img Leseprobe Leseprobe

Maurice Blanchot and the Literature of Transgression

John Gregg

ca. 52,99
Amazon iTunes Hugendubel Bü kobo Osiander Google Books Barnes&Noble Legimi
* Affiliatelinks/Werbelinks
Hinweis: Affiliatelinks/Werbelinks
Links auf sind sogenannte Affiliate-Links. Wenn du auf so einen Affiliate-Link klickst und über diesen Link einkaufst, bekommt von dem betreffenden Online-Shop oder Anbieter eine Provision. Für dich verändert sich der Preis nicht.

Princeton University Press img Link Publisher

Belletristik / Essays, Feuilleton, Literaturkritik, Interviews


In this book, the first in English devoted exclusively to Maurice Blanchot, John Gregg examines the problematic interaction between the two forms of discourse, critical and fictional, that comprise this writer's hybrid oeuvre. The result is a lucid introduction to the thought of one of the most important figures on the French intellectual scene of the past half-century.

Gregg organizes his discussion around the notion of transgression, which Blanchot himself took over from Georges Bataille--most palpably in his interpretation of the myth of Orpheus--as a paradigm capable of accounting for the relationships that exist in the textual economies formed by author, work, and reader. Chapters on the critical work address such issues as Blanchot's ambivalent attitude toward the speculative dialectic of Hegelianism, his thematization of literature's involvement with death, and the mythical and Biblical figures he uses to portray the acts of reading and writing. Gregg also performs extended close readings of two representative works of fiction, Le Très-Haut and L'Attente l'oubli, in an effort to trace Blanchot's evolution as a creator of narratives and to ascertain how his fiction can be seen as constituting a mise en oeuvre of the concerns he treats in his criticism. The book concludes with an assessment of Blanchot's place in the recent history of French critical theory.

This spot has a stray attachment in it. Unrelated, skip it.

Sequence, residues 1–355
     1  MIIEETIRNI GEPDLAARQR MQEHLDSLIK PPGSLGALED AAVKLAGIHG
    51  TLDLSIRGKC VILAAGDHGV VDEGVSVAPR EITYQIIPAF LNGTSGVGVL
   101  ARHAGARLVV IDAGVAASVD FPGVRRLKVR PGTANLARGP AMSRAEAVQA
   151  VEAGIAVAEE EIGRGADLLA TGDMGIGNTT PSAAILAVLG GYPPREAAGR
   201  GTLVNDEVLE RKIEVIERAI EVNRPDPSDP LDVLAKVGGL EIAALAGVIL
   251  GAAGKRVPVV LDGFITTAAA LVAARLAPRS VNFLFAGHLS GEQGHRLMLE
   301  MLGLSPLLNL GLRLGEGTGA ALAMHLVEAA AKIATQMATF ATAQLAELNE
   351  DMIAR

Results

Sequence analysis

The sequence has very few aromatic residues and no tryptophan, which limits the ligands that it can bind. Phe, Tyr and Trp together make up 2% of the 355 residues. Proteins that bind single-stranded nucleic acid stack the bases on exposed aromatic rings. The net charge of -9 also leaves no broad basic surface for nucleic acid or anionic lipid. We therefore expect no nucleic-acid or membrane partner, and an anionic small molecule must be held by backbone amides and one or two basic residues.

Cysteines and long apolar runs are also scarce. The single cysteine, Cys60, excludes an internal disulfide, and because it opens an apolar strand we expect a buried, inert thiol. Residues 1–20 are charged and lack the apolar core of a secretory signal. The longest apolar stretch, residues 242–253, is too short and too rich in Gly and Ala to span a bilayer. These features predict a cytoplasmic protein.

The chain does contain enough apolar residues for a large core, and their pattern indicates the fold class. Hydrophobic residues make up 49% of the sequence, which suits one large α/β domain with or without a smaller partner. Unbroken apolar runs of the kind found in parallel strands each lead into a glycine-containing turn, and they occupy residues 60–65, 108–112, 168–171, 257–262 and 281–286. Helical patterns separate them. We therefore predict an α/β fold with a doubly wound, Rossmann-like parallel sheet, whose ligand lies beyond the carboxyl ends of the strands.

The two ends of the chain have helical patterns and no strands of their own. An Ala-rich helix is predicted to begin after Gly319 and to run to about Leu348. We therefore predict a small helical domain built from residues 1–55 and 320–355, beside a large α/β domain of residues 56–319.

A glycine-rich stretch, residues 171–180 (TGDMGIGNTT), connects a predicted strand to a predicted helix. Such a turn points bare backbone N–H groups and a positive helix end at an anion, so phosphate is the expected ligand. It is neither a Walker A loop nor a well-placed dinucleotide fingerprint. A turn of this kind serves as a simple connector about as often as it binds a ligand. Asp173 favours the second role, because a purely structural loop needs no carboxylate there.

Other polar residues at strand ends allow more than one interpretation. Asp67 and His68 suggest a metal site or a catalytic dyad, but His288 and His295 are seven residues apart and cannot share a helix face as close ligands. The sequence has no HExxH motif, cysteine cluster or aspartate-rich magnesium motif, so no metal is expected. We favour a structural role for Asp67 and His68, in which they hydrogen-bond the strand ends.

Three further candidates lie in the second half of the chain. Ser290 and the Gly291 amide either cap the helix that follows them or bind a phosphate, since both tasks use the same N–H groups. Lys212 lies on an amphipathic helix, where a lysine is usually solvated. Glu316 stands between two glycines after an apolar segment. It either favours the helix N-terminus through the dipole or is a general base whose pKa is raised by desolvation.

Weitere Titel von diesem Autor



Narration, Author, Etymology, Impossibility, Acquittal, Temporal paradox, Reexamination, Discipline and Punish, Jean Baudrillard, Criticism, Pejorative, Informant, Ambiguity, Le Dernier Homme, Rhetorical device, Archi-writing, Distancing (psychology), Critical theory, Aporia, Reprimand, Metonymy, Nietzschean affirmation, Francis Ponge, Paul de Man, Anecdote, Philosophy of language, Consciousness, Preface, Secret law, Edgar Morin, Exposition (narrative), Jacques Derrida, Novel, Civil disorder, Maurice Blanchot, Cover-up, Rhetoric, Ontology, Superiority (short story), Myth, Didier Eribon, Philosophy, Disclaimer, Georges Poulet, Jean-François Lyotard, Poetry, Vincent Descombes, Impasse, The Notebooks of Malte Laurids Brigge, Critique, Problematization, Positivism, De se, Metanarrative, Copying, Mise en abyme, The Postmodern Condition, Creative writing, Letter of resignation, Fiction, Aphorism, Philosopher, Irony, Peripeteia, Discursive practice, The Gaze of Orpheus, Literary theory, Simulacrum, Georges Bataille, Depersonalization, Injunction, Narrative, Gilles Deleuze, Good and evil, Metaphor, Thought, Original intent, Hegelianism, Allegory, Theory of Forms, Anguish, Postmodernism, Literature, Alterity, Existential humanism, The Philosopher, Rapprochement, Writing and Difference, Annulment, Geoffrey Hartman, Pretext, Writing, Foray, The Simulacra, Misrepresentation, In flagrante delicto, Cultural appropriation, Intentionality, Evocation, Literary criticism